Joe Mazzariello will be remembered as many things – from a loving father and devoted husband, to a man that cared about his fellow veterans and did everything he could to make their lives easier.
Mazzariello, who was 59, passed away after a battle with bone cancer. He was a former commander at the Theodore Korony American Legion Post 253 in Throggs Neck, which he first joined in the early 1970s after moving to the area from the west Bronx.
He will be best remembered for organizing the post’s annual Toys For Tots drive, as well as for working with newly returning veterans at the John J. Peters VA Medical Center. He helped soldiers and sailors returning from Iraq and Afghanistan navigate through bureaucracy to get needed care and benefits. He was also a driving force behind the creation of Bicentennial Veterans Memorial Park in the 1970s.
“Joe is the perfect example of someone who bloomed where he was planted,” said veterans advocate and friend Pat Devine. “It was very simple: if someone needed a hand he helped him out; that is just what Joe used to do.”
Mazzariello joined the United States Marine Corps during the Vietnam War and earned two purple hearts during his time in the service. He spent four years in the USMC, serving with the second battalion. Aside from being post commander, he was the secretary for the national veterans organization Second Battalion of the First Marines.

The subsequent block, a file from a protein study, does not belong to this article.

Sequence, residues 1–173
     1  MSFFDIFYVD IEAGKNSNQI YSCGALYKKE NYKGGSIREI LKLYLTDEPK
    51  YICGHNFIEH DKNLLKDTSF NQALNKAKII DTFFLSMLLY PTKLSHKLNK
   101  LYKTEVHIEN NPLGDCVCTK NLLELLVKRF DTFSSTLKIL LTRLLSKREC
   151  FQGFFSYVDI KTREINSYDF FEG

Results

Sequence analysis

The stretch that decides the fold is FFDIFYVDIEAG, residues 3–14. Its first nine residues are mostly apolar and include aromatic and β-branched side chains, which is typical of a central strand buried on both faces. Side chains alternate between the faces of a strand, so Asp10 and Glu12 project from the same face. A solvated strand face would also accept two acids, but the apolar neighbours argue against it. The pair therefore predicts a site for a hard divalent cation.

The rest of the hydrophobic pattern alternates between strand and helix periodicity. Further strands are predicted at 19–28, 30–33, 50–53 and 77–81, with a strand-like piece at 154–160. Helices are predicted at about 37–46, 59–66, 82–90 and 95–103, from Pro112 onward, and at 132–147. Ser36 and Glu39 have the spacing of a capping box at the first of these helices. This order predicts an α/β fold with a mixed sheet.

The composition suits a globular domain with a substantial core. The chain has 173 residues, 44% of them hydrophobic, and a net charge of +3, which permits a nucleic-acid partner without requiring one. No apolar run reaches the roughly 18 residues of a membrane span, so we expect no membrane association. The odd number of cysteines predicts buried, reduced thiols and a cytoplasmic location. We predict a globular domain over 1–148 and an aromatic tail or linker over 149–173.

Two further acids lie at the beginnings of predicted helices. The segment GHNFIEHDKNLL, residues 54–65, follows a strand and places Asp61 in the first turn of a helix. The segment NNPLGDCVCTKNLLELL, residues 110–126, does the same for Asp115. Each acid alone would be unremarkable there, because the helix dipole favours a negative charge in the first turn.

Devine said that Mazzariello was a black-belt in Judo who helped teach martial arts at the post and the Bronx Y.M.C.A., where he was coach and referee in their summer program.
In addition to being physically active, Mazzariello was an ordained minister in Melcheizdek’s priesthood – a sect of Christianity that traces it roots back to the teacher of Abraham in the Old Testament.
Mazzariello was born in Arthur Avenue and grew up near Third Avenue. He is survived by his wife Jackie, daughter Danielle who is a teacher at Iona Prep, and son Joseph Jr. who is an NYPD officer, and a granddaughter.
“Being in combat in Vietnam can teach you a lot of things,” said friend and fellow veteran Tom Hanson, also a former commander of the Korony post. “Joe realized that he could serve his fellow man by finding the good in each individual person.”
©2009 Community News Group